Calls for a stop to content theft and piracy often sound disingenuous when they come from the top 1% of creators. And still, those calls for ‘pay the artists’ go back at least two decades.


Questions around what constitutes art or content theft, what artists can or should earn, and how we value the work of creators and the resulting products will all continue for the foreseeable future. If you ask a creator though, more income security is always, every time, the right choice.



NFTs for Collectible Lovers


Currently, the other side of the proverbial coin in the world of NFTs is collectibles. Items that aren’t really art, at least not exclusively. Things like trading cards, memorabilia, and any digital representation of an item that has been certified and authenticated as a NFT. In terms of sports memorabilia, we’ve seen 3D cube-style digital basketball cards which include content like ‘moments’ from the featured player’s greatest shots or plays.


Essentially, the world of NFTs can be as large as we want it to be. This is a marketplace that will have boundaries limited by human imagination. It’s a sense of playfulness and freedom that makes you think anything is possible. Maybe that’s part of the magic of NFTs at the moment. Creating a digital product and making it rare and cool has an allure that is undeniable to anyone already in the know.


Virtual Objects in a Minimalist World


You don’t have to be struggling with overindulging in retail therapy to look around your home and wonder what you really need to own. Have you ever experienced buyer’s remorse, not because of a price tag, but simply because you’re running out of space for all your things?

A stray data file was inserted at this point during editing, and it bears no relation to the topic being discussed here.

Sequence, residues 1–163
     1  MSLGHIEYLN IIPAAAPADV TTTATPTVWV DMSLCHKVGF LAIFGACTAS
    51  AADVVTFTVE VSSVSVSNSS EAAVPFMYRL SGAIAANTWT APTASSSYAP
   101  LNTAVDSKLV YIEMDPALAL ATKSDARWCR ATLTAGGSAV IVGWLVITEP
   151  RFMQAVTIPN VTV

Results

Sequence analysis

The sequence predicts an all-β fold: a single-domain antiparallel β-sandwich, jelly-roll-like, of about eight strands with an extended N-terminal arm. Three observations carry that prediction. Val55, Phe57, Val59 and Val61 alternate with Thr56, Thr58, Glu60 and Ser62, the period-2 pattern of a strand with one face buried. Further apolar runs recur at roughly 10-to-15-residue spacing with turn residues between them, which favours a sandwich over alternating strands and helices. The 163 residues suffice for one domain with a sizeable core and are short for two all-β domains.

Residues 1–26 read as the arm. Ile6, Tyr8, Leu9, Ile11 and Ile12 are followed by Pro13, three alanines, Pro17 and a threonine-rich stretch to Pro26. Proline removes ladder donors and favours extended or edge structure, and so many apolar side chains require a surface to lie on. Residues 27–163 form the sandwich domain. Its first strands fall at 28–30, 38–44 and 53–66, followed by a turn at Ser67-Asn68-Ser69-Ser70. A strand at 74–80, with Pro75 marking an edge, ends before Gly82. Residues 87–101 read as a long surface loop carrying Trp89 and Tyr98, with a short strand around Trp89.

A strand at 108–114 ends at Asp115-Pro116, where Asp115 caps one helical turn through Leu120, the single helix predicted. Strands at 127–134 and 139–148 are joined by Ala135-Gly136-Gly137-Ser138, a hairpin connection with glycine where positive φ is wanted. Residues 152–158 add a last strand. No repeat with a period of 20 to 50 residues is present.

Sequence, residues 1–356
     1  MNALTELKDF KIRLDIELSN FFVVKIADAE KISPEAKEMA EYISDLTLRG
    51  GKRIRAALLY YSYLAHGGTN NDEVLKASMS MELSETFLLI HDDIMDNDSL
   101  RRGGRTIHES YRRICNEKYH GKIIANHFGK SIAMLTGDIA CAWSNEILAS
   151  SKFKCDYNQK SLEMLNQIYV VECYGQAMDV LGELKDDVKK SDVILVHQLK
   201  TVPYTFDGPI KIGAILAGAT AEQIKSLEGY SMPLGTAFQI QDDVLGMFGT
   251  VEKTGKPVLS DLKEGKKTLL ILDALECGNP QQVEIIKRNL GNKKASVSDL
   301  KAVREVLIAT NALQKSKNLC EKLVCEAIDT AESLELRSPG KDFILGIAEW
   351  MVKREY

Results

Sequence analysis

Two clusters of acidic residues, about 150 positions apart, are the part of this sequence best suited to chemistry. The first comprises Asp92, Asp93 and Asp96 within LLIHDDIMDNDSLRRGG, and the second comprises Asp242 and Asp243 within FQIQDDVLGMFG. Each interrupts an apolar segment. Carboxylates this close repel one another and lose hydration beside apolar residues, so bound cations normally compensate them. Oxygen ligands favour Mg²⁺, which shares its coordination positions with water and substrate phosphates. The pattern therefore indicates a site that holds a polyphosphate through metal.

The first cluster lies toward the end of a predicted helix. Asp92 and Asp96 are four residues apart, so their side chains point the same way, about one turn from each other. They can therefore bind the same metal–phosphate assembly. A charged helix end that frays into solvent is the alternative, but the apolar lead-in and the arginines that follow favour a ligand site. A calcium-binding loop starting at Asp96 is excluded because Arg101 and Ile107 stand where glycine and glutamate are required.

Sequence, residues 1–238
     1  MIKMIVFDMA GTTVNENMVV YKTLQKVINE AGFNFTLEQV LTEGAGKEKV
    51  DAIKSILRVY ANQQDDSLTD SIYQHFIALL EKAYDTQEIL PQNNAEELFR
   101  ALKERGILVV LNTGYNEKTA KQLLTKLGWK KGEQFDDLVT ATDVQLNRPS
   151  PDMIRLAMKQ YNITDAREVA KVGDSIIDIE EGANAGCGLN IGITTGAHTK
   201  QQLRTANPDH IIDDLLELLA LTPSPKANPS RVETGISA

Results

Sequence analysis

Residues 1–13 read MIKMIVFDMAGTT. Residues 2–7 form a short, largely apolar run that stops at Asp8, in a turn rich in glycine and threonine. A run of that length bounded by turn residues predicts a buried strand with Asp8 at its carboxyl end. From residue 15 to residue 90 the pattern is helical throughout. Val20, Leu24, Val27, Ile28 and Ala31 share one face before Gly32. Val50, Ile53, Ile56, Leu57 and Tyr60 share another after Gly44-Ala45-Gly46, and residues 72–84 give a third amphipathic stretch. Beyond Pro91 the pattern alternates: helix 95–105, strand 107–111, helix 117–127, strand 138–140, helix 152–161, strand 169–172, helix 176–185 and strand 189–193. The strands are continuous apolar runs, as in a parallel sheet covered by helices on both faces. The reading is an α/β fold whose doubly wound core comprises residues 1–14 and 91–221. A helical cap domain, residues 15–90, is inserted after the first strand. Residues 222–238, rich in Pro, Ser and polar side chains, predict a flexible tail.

Stambol visionaries think we can take digital art one step further and build virtual art galleries to showcase and curate NFTs. Owners get one more layer of value for their purchase by displaying publicly and art appreciators don’t have to actually own (or travel to see) a given NFT to enjoy it.


We think Digital Art and NFTs have the capacity to meet a basic human need while also addressing some of the physical and environmental footprints of consumerism. And while NFTs are not without their own energy footprints, over time, the potential to make them environmentally friendly is very promising.


Blockchain Behind NFTs


You’ve probably already heard of the tech that makes cryptocurrency possible. It’s called blockchain. And while we’re not delving specifically into cryptocurrency today, we do need to talk about blockchain technology. It’s what enables the security and therefore exclusivity of NFTs.


Art and collectibles can fluctuate in value, just as they can be imitated or outright fraudulently duplicated. In terms of physical objects, like a Van Goh or a Mickey Mantle rooky card, an expert appraiser is required to authenticate the item. And even experts can be fooled. Blockchain on the other hand can never be fooled or hacked.


Not only can a collectible or piece of digital art be verified as authentic, it can remit royalties to the creator in perpetuity each time the item changes hands. Can a physical painting or trading card do that? Nope.


Your NFT & Digital Art Partners


Stambol’s foundation is based on an equal balance of art and technology, making us ideally positioned to help anyone interested in creating and managing NFTs.


We believe that creators can (and should) be successful in digital spaces even if they aren’t also technology wizards. Stambol can offer a little or a lot of assistance, ranging from file creation to navigating a brave new world of digital art creators and collectors.


If you want to chat about Digital Art and NFTs, reach out with your questions and ideas. We’re easy to talk to, we promise.


Feature Image Credit: Gorodenkoff / Adobe Stock